Most Americans can identify only a few of the Amendments of the Bill of Rights including the Seventh Amendment (the right to a civil jury trial).  The right to a jury trial is the most important right given to us in the Constitution. How do we know this? It is the only right specifically mentioned in two of the amendments to the Constitution. The right to a jury trial in a criminal case is granted in the Sixth Amendment and the right to a jury trial in a civil case is guaranteed in the Seventh Amendment.

America’s founding fathers revered the jury trial system, for both the civil and criminal case. In 1751, in South Carolina, the state legislature declared that “any person who shall endeavor to deprive us of so glorious a privilege of trial by jury,” was an enemy of the people.

In 1776, George Mason wrote in Virginia’s Declaration of Rights, “The ancient trial by jury is preferable to any other and ought to be held sacred.”  It is held sacred, except by the big business corporatists who believe that rights exist only for the corporate elites and not for the average American citizen.

Unfortunately, President Trump has bought into the myth of the frivolous lawsuit.  Frivolous lawsuits are a fable made up by the Chamber of Commerce and big insurance, which want to deny citizens their day in court. Lawyers don’t file frivolous lawsuits because they don’t make money from them. Lawyers can and sometimes are sanctioned for filing a lawsuit that is deemed to be frivolous.

The only other defense of the Seventh Amendment comes from the House Freedom Caucus. This liberty-minded group in the House of Representatives has risen to the defense of the Seventh Amendment before. But with the House Freedom Caucus consisting of only thirty-two members, out of the 237 Republicans in Congress, it is really questionable how much they can do.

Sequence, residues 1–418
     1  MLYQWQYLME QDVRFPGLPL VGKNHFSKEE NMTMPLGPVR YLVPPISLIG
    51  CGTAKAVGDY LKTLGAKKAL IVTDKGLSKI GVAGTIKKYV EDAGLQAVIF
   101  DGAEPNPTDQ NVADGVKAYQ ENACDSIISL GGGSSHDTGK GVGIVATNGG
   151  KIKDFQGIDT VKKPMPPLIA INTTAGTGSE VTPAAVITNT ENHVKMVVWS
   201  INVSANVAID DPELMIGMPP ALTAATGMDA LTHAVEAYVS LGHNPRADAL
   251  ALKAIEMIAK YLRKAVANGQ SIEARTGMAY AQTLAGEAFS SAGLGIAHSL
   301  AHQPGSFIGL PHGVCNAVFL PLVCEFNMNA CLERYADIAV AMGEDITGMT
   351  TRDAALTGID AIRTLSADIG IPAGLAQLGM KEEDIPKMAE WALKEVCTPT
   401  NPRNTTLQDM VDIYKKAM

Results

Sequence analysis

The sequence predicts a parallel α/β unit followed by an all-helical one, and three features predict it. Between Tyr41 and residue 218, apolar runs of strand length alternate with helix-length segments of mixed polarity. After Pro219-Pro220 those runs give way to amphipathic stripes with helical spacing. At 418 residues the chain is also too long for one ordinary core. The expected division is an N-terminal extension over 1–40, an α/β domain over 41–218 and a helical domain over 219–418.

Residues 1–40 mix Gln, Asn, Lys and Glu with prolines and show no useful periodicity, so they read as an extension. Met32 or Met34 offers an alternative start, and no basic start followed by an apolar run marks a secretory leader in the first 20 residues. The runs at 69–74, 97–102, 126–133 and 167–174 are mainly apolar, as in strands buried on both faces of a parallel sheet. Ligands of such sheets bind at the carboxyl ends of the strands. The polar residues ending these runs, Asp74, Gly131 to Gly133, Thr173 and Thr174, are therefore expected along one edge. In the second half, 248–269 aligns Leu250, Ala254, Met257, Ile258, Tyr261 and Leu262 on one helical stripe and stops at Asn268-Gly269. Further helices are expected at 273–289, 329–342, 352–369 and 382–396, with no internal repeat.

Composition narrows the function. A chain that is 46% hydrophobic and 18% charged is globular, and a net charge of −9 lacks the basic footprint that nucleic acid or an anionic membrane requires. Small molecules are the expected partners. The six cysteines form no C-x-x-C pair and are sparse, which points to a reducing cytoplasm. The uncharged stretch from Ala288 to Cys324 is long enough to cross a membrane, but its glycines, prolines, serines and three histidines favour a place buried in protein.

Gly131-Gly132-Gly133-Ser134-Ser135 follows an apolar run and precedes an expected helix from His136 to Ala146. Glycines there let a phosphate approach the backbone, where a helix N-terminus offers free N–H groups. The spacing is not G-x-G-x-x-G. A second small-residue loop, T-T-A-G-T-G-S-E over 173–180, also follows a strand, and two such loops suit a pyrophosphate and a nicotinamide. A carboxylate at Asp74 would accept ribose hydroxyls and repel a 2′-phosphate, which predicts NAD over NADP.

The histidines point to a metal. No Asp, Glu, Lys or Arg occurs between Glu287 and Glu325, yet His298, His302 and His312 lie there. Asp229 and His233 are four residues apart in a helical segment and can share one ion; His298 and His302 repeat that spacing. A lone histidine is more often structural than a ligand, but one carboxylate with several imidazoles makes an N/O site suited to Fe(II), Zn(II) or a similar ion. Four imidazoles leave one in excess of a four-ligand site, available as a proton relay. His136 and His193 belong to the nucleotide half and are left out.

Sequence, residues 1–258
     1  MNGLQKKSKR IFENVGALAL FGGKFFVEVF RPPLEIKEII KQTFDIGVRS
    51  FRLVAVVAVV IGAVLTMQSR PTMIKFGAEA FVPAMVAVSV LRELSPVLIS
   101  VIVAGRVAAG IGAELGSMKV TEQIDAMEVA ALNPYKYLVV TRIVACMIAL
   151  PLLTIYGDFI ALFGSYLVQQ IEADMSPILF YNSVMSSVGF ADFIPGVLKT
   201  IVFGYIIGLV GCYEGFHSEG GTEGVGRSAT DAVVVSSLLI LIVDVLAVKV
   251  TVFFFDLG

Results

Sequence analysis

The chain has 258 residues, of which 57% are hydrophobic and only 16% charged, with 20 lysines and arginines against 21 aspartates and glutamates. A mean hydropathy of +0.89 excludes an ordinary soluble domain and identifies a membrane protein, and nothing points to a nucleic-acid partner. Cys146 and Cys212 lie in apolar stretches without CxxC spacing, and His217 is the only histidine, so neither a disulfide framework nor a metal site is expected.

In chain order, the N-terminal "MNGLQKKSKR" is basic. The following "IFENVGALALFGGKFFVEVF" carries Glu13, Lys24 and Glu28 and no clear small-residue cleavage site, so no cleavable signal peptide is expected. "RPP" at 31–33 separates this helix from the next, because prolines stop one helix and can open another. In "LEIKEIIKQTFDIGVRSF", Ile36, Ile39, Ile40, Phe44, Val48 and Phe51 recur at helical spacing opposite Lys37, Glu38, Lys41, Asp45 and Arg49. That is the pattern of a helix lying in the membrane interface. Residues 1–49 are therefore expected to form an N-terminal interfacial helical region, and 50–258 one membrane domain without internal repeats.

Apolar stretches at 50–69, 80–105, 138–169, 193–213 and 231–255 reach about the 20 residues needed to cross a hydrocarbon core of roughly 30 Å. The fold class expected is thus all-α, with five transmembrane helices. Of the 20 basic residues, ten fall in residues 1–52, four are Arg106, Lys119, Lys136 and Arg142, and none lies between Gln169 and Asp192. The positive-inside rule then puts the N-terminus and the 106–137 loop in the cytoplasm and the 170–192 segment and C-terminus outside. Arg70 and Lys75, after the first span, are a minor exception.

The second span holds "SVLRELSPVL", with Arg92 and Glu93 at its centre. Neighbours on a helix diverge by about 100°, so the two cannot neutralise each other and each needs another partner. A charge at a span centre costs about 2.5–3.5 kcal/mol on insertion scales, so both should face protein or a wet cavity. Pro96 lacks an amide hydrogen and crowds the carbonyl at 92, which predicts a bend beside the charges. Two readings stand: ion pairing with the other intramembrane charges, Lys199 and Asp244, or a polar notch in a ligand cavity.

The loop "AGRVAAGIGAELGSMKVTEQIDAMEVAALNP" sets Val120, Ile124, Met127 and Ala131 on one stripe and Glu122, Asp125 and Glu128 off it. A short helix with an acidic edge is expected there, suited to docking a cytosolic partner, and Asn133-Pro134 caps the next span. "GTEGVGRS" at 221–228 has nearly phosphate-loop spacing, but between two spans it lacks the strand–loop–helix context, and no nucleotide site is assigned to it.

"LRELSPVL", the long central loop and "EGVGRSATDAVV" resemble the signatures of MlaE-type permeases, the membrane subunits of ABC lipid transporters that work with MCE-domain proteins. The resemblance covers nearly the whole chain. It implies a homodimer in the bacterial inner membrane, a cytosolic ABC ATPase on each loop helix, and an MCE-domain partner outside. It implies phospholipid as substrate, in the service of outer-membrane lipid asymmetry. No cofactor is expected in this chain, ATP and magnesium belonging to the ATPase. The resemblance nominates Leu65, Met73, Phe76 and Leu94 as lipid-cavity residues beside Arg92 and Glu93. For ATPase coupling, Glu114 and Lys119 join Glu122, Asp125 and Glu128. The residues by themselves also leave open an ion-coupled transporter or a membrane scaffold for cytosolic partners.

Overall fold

Millions of Americans, including recently President Trump, have said, “I’ll see you in court.”  If Tort Reform is adopted, it will be the beginning of the end for the Seventh Amendment and the right of Americans to sue.

Thomas Jefferson said, “I consider trial by jury as the only anchor yet imagined by man, by which a government can be held to the principles of its constitution.”

President Trump would do well to heed the words of President Jefferson and abandon the unconstitutional idea of Tort Reform.

Responsibility and accountability – even for the powerful – are rooted into the core of our legal system. This country’s founders knew that a democracy needs a court system that empowers people to protect themselves by holding the powerful to account. That’s why the Constitution guarantees each person the right to a trial by jury. The founders feared unaccountable power in the form of the King of England against his “subjects.” 21st Century America may not have a king, but it does have billion dollar corporations touching every part of every person’s life. These corporations now seek the kind of unaccountable power our founders sought to protect against, and they’re seeking that power by destroying your constitutional right to a trial by jury.

Politicians who are in the pockets of large corporations and insurance companies have devised a plan specifically aimed at destroying our right to hold those in power accountable for their misdeeds. Their plain is to enact laws that will all but destroy your right to use the judicial system to protect yourself. They have introduced bills which, if passed, will enact arbitrary changes to courts all across the country, including: